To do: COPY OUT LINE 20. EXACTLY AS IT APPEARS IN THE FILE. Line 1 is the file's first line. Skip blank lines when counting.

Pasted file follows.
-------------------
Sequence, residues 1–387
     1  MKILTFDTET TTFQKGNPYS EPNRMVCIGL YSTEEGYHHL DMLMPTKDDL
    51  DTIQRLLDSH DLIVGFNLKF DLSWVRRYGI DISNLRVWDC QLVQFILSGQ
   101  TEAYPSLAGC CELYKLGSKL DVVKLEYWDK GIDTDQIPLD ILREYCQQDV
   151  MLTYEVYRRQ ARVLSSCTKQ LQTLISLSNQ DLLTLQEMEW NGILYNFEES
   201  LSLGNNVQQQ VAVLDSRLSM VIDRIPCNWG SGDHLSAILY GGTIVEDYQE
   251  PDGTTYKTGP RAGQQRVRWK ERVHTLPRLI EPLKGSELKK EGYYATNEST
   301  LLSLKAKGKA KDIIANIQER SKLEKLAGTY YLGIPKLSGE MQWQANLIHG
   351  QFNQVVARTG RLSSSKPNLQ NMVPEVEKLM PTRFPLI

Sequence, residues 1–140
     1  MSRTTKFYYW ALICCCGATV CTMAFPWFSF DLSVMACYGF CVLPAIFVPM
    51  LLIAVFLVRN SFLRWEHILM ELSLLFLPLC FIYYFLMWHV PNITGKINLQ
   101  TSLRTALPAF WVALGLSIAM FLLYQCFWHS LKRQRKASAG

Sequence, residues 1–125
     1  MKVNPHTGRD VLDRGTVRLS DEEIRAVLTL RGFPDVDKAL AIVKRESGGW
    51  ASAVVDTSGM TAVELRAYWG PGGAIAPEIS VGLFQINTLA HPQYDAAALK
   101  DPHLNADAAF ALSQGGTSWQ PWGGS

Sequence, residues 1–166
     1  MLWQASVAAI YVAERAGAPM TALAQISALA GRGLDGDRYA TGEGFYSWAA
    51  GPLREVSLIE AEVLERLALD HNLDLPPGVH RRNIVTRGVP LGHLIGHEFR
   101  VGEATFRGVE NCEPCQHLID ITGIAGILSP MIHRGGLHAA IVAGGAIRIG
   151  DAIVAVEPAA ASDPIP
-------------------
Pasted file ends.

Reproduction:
    51  GPLREVSLIE AEVLERLALD HNLDLPPGVH RRNIVTRGVP LGHLIGHEFR